Battling Lubricant Contamination


The impact of contamination is increasing because of advancing equipment technology that incorporates greater energy efficiency, increased power density, higher pressures, and tighter tolerances. All these advances make the equipment more sensitive to contamination than ever before. As a result, the costs associated with contamination are rising, which can, in turn, increase overall operating costs. The best way to avoid contamination costs is to ensure that contaminants do not enter the systems in the first place. This requires an investment in training and the adoption of best practices, as well as a focus on lubricant cleanliness in every step of the lubricants journey from storage to transfer and finally into the equipment. The most critical tool in fighting contamination is human behavior.


System contamination comes in many forms— the worst offenders are solid particles and water, while lesser offenders are sludge, varnish, entrained air, and other fluids like chemicals or fuels. Contamination from solid particles can result in three basic types of wear on equipment and components:

  1. Abrasive wear. Most particles are larger than the lubricant film thickness. This means that a particle will make contact with metal parts even when the proper lubricant film is present. The hard particle acts as an abrasive, much like sandpaper, and can remove metal from the surface of the component. This abraded metal in turn creates more particles that simply aggravate this condition.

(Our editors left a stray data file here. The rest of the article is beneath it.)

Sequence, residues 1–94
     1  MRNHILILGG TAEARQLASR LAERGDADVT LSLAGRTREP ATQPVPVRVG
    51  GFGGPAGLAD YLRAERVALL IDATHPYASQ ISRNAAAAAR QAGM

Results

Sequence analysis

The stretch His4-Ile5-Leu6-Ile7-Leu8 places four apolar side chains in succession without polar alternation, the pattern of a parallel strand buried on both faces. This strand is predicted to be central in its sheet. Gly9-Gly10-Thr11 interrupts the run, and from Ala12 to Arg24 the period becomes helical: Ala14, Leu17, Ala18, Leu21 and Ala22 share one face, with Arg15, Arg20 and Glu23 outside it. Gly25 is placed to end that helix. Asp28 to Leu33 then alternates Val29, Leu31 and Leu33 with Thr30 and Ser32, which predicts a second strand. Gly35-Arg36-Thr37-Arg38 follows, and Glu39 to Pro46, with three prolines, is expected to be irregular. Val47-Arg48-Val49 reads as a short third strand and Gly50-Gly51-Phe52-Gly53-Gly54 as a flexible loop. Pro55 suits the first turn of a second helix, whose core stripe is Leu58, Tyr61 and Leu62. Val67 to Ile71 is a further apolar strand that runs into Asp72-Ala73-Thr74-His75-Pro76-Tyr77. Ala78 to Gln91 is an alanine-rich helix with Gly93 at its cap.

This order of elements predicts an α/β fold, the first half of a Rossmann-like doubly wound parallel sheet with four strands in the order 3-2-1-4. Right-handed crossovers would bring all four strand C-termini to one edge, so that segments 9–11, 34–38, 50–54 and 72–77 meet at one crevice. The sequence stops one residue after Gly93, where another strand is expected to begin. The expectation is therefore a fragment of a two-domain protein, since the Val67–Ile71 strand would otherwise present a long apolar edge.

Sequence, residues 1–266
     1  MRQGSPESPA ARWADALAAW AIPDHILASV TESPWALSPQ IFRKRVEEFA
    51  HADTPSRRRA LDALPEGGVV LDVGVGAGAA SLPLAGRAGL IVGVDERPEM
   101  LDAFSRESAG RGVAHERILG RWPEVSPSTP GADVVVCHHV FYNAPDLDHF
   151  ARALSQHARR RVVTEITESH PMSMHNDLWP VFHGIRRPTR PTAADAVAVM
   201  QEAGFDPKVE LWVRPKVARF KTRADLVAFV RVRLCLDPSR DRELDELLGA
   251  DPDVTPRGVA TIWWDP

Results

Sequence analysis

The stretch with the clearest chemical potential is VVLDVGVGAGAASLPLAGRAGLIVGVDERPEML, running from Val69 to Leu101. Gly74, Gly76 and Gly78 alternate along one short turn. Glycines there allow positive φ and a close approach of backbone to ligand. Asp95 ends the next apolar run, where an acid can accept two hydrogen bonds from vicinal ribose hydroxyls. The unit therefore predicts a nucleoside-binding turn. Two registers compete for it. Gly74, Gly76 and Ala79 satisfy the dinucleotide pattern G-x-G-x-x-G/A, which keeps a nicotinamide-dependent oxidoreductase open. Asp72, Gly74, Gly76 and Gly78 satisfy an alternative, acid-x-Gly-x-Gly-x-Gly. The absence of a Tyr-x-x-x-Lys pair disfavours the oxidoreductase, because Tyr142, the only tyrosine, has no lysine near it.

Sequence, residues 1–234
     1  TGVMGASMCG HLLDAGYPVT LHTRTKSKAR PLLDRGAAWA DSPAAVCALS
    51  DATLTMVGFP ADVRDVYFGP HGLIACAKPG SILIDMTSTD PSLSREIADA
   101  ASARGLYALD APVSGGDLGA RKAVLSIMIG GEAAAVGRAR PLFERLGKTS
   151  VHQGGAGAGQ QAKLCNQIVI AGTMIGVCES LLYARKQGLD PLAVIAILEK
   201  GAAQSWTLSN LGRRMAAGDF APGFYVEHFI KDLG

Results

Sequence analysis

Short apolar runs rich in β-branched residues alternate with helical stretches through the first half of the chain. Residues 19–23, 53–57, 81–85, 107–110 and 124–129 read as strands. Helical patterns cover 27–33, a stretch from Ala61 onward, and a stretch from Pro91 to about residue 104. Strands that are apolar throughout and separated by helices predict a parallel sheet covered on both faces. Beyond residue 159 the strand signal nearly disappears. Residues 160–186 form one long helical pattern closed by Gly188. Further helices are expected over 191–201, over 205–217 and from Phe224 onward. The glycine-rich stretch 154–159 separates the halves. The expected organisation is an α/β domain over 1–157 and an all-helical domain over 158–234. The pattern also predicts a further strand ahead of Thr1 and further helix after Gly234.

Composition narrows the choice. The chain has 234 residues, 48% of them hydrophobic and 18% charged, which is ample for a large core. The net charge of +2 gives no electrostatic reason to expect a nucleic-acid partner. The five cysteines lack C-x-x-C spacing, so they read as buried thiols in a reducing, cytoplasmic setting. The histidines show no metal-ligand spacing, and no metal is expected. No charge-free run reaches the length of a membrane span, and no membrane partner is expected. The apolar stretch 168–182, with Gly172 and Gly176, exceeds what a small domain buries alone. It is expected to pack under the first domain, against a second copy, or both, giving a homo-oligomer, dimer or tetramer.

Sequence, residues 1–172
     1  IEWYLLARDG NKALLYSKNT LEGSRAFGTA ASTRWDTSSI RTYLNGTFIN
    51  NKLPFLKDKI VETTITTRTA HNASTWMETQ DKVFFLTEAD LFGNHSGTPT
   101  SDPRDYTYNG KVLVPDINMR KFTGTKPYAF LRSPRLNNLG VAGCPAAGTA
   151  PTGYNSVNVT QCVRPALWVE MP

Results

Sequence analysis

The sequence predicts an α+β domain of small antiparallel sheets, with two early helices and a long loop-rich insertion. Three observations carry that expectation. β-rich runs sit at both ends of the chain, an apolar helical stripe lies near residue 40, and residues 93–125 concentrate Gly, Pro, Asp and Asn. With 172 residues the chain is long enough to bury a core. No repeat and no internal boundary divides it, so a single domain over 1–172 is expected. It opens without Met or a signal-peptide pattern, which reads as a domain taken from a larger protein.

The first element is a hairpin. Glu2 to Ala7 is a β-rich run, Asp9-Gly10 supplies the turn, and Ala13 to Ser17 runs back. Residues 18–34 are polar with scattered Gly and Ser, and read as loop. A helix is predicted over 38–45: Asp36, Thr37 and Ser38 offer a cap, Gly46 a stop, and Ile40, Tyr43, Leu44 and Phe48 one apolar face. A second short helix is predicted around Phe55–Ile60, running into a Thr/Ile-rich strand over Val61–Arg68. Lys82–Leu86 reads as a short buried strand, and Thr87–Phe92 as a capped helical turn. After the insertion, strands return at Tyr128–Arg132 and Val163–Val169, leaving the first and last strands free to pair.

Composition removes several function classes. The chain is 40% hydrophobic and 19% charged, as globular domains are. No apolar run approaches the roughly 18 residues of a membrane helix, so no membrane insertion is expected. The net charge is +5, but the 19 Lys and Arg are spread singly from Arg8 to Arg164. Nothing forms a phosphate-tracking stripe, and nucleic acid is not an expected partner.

2. Fatigue wear. As with abrasive wear, the force of the load is transferred through the particle and into the metal surface. This force can result in a “micro-dent” on the metal surface of the component. As the component goes through its various cycles of operation, this “micro-dent” goes through loaded and unloaded cycles that can lead to crack formation. Eventually a small piece of metal can break off. This metal loss at the surface is called spalling (also pitting) and ultimately results in component failure as the integrity of the metal surface is destroyed.
  3. Erosive wear. Particles impinge on a component’s surface or edge, slowly eroding the material and altering the original machine fit of the component. For example, if abrasive particles are flowing with a liquid, such as hydraulic fluid, and they encounter tight orifices, the abrasive particles can remove small amounts of the surrounding metal components. Eventually, this compromises the fit and can result in fluid leakage and a loss of overall operating efficiency. As the number of solid particles increase, the rate of wear mechanisms will increase also. The challenge is to determine how many solid particles exist in a system, and then develop a plan to control the ingress of particles into the system and also the generation of particles by the system.


If you are looking to minimize contamination, you should examine your operations to identify areas in which contamination may occur, such as the receiving and storage of fluids. Keeping tanks completely sealed and using desiccant breathers is an “easy win” that can be done when improving your program. Filtering the fluids as they are transferred into tanks and equipment will help to remove particles during the exchange and is a good second step.

Drum storage is always a concern. Drums stored outside are most vulnerable to contamination ingress. Drums are not airtight but are designed to “breathe” as the temperature changes and the fluids expand and contract. This “breathing” can draw contaminants into the drum. Storing drums inside a building or under a covered area is preferred. Regardless of where a drum is stored, drum covers should be properly secured to prevent accumulation of dirt and moisture on top of the drum. When a pump or hose is used on the drum, all surfaces should be kept clean, and a tight seal should be maintained around between the drum bung and the transfer equipment.


For more information or to discuss specifics around lubricant contamination, please contact our lubricant experts at 800-375-3358 or email services@breauxpetroleum.com.

Source: Contamination Control (Shell)